When you need to lift a heavy weight, a pulley can make the job easier. A pulley is one of the physic's six non-motorized simple machines—in this case, one that reduces either the effort necessary to lift a load or the direction in which the force needs to be applied in order to move the load—or it may do both things: reduce the force needed, as well as the direction.
Pulleys work by means of a grooved wheel that pivots around an axle. When the pulley is fixed to a solid anchor and a rope is threaded through the grooves on the pulley's wheel, it can be used to lift heavy weights much more easily than doing it by brute force. And you can double the effectiveness of a pulley system by increasing the number of pulleys in the setup. There are any number of ways you can combine multiple pulleys in a lifting setup. Any lifting apparatus that uses one pulley only is known as a simple or single pulley system, while any system that combines two or more pulleys is known as compound pulley.
A simple pulley system using one wheel does not reduce the amount of force, but it does change the direction required to move the load. A compound system, on the other hand, actually reduces the amount of force required to move an object. Compound systems can get complicated. For example, you can rig a system using two pulley hubs that each have two wheels, and when looping the lifting ropes through all four wheels and the two hubs, the lifting power can be very substantial. The most well-known form of compound pulley is the well-known block-and-tackle, but pulley systems can get very elaborate in complicated machinery, using several hubs, each with two or more wheels. The sail rigging on large sailboats, for example, can feature some very sophisticated pulley systems.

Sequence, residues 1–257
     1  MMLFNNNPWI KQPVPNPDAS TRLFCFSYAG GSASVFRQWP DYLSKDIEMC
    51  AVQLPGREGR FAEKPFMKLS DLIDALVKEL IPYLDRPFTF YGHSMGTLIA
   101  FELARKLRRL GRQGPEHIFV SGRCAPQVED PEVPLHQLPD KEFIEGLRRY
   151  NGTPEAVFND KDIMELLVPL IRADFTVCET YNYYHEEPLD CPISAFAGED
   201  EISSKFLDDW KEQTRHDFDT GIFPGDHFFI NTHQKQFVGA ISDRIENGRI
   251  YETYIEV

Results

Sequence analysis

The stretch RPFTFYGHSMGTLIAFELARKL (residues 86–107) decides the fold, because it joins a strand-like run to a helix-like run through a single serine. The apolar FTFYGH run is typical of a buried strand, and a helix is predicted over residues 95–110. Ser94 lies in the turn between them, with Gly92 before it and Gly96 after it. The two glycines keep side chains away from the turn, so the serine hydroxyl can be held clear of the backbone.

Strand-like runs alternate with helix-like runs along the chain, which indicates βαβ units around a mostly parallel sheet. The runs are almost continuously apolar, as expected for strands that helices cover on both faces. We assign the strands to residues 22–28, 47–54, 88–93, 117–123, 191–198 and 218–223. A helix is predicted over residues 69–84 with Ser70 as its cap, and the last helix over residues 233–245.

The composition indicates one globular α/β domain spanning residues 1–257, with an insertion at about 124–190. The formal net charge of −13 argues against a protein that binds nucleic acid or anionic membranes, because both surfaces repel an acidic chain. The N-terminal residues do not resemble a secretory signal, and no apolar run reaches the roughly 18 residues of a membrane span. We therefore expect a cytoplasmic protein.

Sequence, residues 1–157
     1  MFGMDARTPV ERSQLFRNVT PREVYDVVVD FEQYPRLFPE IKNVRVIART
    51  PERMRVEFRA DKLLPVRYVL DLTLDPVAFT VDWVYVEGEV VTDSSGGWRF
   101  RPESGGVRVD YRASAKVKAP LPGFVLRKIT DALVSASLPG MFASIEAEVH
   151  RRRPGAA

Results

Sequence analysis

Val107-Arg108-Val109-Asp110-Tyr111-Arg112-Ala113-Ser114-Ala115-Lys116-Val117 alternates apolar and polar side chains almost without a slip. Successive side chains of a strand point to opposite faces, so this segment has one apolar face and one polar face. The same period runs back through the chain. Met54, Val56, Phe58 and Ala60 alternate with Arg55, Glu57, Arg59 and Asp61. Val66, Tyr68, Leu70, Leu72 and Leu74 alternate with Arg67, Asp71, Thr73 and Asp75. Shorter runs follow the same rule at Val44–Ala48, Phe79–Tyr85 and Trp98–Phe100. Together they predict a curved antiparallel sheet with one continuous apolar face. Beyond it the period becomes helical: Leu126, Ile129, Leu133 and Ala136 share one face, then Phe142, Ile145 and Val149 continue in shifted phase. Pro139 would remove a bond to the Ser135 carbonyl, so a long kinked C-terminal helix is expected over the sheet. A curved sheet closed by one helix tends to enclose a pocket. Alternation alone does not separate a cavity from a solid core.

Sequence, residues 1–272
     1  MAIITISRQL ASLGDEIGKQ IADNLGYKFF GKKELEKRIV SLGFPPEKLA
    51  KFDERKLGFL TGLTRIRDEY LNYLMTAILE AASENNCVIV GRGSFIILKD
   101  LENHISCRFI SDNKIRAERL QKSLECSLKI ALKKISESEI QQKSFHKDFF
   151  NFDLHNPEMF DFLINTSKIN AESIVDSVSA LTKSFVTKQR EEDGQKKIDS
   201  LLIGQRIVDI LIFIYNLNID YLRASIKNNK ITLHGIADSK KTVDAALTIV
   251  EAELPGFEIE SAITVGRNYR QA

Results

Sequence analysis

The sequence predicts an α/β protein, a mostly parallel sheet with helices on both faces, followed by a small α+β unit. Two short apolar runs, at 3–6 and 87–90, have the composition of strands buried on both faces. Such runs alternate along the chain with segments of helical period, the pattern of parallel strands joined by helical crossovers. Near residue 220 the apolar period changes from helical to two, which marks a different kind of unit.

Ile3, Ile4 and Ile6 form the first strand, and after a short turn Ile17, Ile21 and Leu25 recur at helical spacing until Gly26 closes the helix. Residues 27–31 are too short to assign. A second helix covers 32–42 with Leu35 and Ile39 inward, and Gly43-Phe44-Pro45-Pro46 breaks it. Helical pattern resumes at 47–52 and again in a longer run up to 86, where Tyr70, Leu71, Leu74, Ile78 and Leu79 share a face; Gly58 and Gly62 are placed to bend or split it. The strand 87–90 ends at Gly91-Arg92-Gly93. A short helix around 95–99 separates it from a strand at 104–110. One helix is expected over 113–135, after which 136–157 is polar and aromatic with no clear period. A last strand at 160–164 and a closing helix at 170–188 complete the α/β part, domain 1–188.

This article, though, will describe how to rig a fairly simple pulley system for ordinary household use to lift heavy weights more easily.
It's important to know, however, that a pulley does nothing to reduce the overall weight of the object being lifted, and that whatever point you choose to anchor the fixed pulley needs to be up to the task of supporting the entire weight of the load. For example, if you are hoisting a riding lawnmower in the air in order to work on the undercarriage, or lifting a motorcycle in order to work on the tires, the pulley needs to be anchored in a way that will safely bear the entire weight. Failure to take this into account can lead to a serious accident.
Always follow the instructions and guidelines included with your pulleys. For search and rescue efforts, be sure you use pulleys, rope, and anchors created for that purpose.
How to Use a Simple Pulley System
A simple pulley system does nothing to reduce the force needed to lift an object, but it does allow you to apply force in a different direction. If, for example, you want to lift a 100-pound weight, a simple pulley system will still require 100 pounds of force, but you'll be able to apply it in a more convenient downward or lateral direction rather than lifting it straight up.